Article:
Carole Feuerman


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Carole Feuerman
About the author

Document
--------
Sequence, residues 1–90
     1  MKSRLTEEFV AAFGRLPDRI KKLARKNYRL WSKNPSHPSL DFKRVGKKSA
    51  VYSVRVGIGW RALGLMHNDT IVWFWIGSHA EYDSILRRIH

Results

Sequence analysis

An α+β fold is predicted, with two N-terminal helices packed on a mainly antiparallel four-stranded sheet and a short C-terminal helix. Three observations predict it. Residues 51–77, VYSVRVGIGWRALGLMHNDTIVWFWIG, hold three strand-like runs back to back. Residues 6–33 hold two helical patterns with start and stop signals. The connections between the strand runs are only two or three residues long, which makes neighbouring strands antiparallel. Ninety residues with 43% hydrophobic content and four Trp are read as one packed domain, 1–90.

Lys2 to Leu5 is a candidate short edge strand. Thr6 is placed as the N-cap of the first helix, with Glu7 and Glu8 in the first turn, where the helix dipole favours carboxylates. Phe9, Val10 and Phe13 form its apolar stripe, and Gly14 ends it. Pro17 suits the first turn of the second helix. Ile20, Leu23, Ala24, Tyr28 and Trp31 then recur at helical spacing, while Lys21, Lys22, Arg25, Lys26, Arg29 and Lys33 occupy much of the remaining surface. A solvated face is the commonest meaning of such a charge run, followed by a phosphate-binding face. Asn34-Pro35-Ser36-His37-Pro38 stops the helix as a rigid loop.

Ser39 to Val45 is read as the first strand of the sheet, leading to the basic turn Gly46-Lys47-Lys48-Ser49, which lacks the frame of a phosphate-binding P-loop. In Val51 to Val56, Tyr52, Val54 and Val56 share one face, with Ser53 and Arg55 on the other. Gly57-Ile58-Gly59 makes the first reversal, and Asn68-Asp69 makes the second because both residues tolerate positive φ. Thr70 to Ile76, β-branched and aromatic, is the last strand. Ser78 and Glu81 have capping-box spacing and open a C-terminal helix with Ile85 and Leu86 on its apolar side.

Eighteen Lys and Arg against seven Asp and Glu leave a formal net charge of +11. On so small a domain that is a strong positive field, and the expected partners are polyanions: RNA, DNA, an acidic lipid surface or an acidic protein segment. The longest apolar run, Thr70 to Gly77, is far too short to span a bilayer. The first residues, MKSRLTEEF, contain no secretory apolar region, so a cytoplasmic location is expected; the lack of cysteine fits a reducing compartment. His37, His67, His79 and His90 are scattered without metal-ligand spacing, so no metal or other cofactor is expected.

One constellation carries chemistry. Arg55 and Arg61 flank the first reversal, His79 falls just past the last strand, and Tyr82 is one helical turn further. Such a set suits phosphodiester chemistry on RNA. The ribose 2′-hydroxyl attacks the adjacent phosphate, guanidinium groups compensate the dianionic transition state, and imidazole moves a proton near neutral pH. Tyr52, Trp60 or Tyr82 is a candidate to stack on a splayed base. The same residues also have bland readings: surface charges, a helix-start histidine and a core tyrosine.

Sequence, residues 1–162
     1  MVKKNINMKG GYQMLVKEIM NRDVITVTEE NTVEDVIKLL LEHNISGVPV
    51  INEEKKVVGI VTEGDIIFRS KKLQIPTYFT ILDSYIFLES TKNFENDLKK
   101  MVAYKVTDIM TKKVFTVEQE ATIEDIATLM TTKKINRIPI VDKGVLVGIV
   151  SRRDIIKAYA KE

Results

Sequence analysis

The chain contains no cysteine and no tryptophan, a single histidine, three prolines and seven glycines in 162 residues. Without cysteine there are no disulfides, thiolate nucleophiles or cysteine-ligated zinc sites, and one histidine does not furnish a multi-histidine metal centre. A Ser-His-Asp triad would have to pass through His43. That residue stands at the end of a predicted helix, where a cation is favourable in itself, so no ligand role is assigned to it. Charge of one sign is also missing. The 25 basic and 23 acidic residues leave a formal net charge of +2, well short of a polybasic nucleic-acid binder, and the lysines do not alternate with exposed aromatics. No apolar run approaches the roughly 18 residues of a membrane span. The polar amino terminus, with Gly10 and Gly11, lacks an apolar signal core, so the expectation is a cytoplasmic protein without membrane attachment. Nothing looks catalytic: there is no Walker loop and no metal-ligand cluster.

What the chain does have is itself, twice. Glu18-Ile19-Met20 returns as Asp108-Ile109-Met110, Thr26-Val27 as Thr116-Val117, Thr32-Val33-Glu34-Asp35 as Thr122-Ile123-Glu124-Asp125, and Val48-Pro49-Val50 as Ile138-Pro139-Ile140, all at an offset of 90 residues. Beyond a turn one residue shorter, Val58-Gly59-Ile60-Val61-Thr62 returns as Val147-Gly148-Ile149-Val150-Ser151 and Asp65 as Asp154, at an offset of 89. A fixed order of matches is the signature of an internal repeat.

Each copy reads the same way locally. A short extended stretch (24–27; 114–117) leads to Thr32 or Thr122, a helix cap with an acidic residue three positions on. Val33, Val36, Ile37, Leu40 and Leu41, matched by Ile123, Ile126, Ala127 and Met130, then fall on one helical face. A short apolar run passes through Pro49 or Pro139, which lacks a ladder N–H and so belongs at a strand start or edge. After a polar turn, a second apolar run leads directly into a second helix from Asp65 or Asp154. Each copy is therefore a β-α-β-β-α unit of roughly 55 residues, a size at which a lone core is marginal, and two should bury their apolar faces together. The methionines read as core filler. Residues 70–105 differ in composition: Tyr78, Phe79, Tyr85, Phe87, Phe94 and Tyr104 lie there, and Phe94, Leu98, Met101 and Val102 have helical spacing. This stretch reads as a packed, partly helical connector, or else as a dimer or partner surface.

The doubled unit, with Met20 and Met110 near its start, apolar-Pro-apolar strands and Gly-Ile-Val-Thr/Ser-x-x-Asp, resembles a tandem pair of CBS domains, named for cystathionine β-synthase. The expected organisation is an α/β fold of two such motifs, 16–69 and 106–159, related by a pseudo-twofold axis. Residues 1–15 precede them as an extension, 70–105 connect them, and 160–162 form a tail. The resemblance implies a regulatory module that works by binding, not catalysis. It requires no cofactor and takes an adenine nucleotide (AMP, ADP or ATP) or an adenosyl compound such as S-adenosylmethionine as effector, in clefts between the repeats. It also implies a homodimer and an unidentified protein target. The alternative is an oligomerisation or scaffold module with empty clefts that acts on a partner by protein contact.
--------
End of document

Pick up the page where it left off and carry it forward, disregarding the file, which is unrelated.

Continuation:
Carole Feuerman is widely acknowledged as one of the world’s most prominent hyper-realist sculptors. She has enjoyed three museum retrospectives to date, and has been included in prestigious exhibitions at, among other venues, the Metropolitan Museum of Art in New York, the State Hermitage Museum in St. Petersburg, Russia, and the Palazzo Strozzi in Florence, Italy. Among the notable honors Feuerman has received are the Amelia Peabody Sculpture Award, the Betty Parsons Award in sculpture, the Lorenzo de Medici Prize at the 2001 Biennale di Firenze, and First Prize at the 2008 Beijing Biennale. Her work is in the collections of His Majesty the Emperor of Japan, former President Bill Clinton and Secretary of State Hillary Clinton, former Secretary of State Henry Kissinger, former Soviet Premier Mikhail Gorbachev, the Absolut Art Collection, and Forbes Magazine, among others. Public collections include The Amarillo Museum of Art, The Fort Lauderdale Museum of Art, The Bass Museum in Miami Beach, The Tampa Museum, The Boca Raton Museum, The Lowe Art Museum at the University of Miami, The San Antonio Museum of Art, The Miami Children's Museum, Queensborough Community College Art Museum, Brandeis University, and Grounds for Sculpture. This decade alone has seen Feuerman honored with prominent solo exhibitions, inclusion in prestigious shows around the world, and numerous publications. In 2001, she had her first retrospective, titled “From Studio to Foundry: Three Decades of Sculptures by Carole A. Feuerman” and curated by Michael A. Tomor, Ph. D., at the Southern Alleghenies Museum of Art in Loreto, PA. Her work was featured in “An American Odyssey, 1945/1980: Debating Modernism,” a survey including over a hundred works that toured in Spain and New York in 2004. The following year she was given a comprehensive one-person show, entitled “Resin to Bronze Topographies,” at Queensborough Community College of the City University of New York. In 2007 Feuerman's solo exhibition, “By the Sea,” appeared at the Pavilion Paradiso in connection with the Biennale di Venezia, followed by a solo show, “Lust & Desire,” at the Art-st.-Urban, Switzerland. The following year, besides recognition in both the Third International Beijing Biennale and in the same city’s Olympic Fine Arts Exhibition, Feuerman mounted a solo show, “La Scultura incontra la realta,” at Florence’s Moretti Fine Art, and was included in Venice’s OPEN International Sculpture Exhibition. At the end of 2008, Feuerman’s retrospective, “Silence-Passion-Expression,” was mounted at the Amarillo Art Museum in Texas, which has been nominated for the AICA (International Association of Art Critics) Award of best Monographic Museum Show Nationally for 2008-2009. The retrospective continues on to the El Paso Museum of Art, among other venues. In 2009 Feuerman was featured in “46 XX,” an exhibition of four female artists at Moscow’s Na Solyanke State Gallery; showcased in a solo outdoor exhibition along with Etruscan sculpture at the Archeological Museum in Fiesole, Italy; given a solo exhibition, “Swimmers, Bathers, Nudes,” at Jim Kempner Fine Art in New York; and included in “Art and Illusion: Masterpieces of trompe-l’oeil from Antiquity to the Present” at the Palazzo Strozzi. The following spring she will enjoy a one-person exhibition in Florence, at the Museum Palazzo Vecchio and in the Piazza della Signoria (where Michelangelo’s David is situated). Also coming in 2010 is the second edition of Carole A. Feuerman: Sculpture, written by Eleanor Munro and David Finn and published by Hudson Hills Press, the latest in a long string of publications and catalogues going back more than thirty years. Written by: Peter Frank